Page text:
Eat right – Lose weight without giving up on your favourite foods
Diet, nutrition, and any other food-related topic shouldn’t feel like Mission: Impossible. After all, this is food we’re talking about. The stuff you need to eat every day. The stuff you should be enjoying as part of the many joys in life.
This year, let us try something different. Call it a rebellion, a revolution, or just a renaissance, but we’re taking back food and enjoyment and reinventing it with a practical, scientifically supported approach to eating, living, and being healthier. That means including foods you love, creating workouts that fit your schedule, and never ever ever setting false expectations.
So let’s start with a different checklist:
- No juice cleanses
- No expensive supplements
- No restrictive approaches that will leave you miserable and reaching for every food you miss
- No four-week fixes
Most people love checklists because it feels awesome to cross off items and feel accomplished. The accomplishment part is great. The long list? Not so much. Whether or not you realize it, you’re laying the foundation for failure.
Success depends on consistency more than anything. So instead of asking, “What do I want to accomplish?” ask, “What’s the easiest thing I can do every day that will help me toward my goal?”
The “every day” part is important, because we’re shifting your mindset away from nuanced, difficult tasks to practical, doable ones. Start with simpler tasks you can master. For example:
- I will eat vegetables twice per day.
- I will sleep at least seven hours per night.
- I will drink two glasses of water with every meal.
- I will go to the gym three times during the week.
You could list endless habits that are designed to build behaviors. But start with one task and one only. Go slow to go fast. You do not need to eat chicken and broccoli for every meal, every day. Making change is hard. No one wants to admit it, but it’s true. So don’t make it harder by creating too many goals at once or by focusing on goals that seem like scaling a mountain instead of going for a walk. You’ll get to the mountain, but it’s better to build up momentum.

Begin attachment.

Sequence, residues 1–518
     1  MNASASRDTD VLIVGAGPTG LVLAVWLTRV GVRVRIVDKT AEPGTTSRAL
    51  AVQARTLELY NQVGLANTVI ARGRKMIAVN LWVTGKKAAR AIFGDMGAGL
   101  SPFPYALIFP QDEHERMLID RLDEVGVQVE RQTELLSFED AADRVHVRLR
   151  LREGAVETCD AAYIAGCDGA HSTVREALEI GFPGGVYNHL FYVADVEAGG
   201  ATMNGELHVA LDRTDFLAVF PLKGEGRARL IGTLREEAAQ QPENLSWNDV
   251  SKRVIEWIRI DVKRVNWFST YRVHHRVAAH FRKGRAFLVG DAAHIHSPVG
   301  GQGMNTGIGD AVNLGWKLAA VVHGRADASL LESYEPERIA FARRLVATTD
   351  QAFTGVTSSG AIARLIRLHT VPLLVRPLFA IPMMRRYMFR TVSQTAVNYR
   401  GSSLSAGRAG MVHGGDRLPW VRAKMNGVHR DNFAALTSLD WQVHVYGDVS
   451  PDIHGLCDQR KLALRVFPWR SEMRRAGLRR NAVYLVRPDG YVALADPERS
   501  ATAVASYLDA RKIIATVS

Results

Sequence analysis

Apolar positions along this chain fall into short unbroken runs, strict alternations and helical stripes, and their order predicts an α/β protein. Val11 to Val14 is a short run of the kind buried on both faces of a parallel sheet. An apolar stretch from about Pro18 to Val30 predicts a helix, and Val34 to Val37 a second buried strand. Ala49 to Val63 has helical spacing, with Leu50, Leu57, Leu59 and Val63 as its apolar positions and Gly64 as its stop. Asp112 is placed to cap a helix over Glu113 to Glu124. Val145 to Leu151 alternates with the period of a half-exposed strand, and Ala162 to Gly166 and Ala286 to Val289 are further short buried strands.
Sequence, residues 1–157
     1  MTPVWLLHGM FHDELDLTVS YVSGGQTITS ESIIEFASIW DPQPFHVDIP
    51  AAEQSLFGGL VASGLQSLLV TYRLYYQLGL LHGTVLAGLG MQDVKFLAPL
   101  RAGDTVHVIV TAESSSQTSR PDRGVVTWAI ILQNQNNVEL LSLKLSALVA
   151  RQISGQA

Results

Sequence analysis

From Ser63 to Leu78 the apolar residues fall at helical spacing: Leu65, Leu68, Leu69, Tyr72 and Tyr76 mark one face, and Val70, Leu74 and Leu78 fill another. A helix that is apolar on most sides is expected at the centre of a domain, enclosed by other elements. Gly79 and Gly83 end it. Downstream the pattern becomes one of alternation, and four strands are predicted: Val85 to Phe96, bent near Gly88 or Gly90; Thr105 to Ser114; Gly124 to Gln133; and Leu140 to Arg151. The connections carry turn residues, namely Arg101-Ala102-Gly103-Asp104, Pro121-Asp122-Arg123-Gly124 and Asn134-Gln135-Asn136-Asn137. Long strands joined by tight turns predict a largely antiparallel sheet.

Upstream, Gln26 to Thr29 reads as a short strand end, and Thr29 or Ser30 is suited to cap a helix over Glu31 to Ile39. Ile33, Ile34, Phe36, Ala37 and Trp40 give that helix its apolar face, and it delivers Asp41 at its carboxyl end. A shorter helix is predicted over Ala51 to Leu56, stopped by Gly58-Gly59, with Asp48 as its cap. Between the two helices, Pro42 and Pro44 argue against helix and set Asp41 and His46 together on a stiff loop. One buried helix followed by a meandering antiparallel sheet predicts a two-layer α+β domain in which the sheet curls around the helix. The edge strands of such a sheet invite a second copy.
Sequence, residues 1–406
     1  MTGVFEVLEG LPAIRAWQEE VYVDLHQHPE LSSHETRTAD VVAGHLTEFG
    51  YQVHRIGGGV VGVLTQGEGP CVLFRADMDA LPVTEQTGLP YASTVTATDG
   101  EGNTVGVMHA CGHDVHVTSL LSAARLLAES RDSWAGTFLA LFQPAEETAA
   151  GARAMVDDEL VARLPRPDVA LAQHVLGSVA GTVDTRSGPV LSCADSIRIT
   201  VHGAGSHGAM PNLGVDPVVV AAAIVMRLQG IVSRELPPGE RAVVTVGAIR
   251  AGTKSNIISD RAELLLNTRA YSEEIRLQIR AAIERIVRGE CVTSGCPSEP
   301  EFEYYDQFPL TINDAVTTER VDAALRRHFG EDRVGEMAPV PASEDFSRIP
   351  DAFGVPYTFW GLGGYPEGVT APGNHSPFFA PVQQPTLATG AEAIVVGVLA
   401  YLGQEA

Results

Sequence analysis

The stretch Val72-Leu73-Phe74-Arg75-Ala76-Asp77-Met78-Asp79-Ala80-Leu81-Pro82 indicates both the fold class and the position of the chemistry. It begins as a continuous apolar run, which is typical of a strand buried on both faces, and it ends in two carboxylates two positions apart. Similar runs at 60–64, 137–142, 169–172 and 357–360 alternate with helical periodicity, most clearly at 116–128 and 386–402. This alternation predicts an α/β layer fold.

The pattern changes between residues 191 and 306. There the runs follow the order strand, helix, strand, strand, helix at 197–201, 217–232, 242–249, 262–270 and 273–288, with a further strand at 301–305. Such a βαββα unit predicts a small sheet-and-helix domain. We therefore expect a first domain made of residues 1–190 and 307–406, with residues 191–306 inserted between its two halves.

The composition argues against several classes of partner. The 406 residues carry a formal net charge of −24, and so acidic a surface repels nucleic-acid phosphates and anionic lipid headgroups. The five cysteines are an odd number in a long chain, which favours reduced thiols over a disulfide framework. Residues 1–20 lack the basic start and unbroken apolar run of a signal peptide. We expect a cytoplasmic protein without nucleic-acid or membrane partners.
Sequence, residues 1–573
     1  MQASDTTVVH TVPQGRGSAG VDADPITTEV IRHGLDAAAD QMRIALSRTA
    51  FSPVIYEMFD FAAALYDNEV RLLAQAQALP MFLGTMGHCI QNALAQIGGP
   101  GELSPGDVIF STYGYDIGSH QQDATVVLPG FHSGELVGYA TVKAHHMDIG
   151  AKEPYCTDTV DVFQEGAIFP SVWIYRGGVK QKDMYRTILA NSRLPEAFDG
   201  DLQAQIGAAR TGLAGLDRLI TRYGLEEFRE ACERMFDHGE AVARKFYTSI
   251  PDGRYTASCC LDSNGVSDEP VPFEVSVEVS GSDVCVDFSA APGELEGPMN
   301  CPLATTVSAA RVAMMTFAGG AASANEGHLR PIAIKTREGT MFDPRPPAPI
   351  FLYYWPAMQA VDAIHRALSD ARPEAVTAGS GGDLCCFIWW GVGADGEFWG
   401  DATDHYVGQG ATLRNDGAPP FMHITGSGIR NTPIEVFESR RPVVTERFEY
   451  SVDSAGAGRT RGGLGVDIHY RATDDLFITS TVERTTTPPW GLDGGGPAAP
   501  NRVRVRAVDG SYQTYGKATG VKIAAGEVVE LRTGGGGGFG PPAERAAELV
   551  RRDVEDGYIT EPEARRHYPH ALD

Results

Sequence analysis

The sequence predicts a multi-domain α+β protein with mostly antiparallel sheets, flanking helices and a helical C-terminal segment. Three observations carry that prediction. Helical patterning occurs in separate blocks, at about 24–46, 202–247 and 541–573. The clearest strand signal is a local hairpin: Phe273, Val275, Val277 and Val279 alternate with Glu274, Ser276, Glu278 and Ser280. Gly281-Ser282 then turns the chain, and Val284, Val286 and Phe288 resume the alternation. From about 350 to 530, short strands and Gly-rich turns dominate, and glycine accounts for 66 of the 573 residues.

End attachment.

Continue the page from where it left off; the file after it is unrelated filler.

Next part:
Make It Easy on Yourself
The other key is to leave room for imperfection. Let’s say your goal is: “I will go to the gym three times during the week.” Setting a goal of three times should not be your goal if you think that’s the maximum amount you’ll be able to go per week. Because if you’re slammed at work and only make it to the gym once, you’ll feel like you’ve failed.
You want to make it as easy as possible to succeed. We all are susceptible to a psychological concept called “learned helplessness”: Fail enough, and you come to expect failure. This is the foundation of bad fitness. Yet, all too often we set goals that increase the likelihood of failure. If you make your goals easy, you’re on the right track. Small successes will create positive reinforcement.
Give yourself two to three weeks to crush each mini-goal. Once you’re consistently hitting the gym twice per week (or whatever makes sense for you), then add another goal. Then another. Each opportunity will give you the chance to build a habit you can master. As time goes on, you can make the goals much more specific and difficult. But when you do, you’ll be building on a solid foundation of habits that will make it very difficult to slide back to the old you.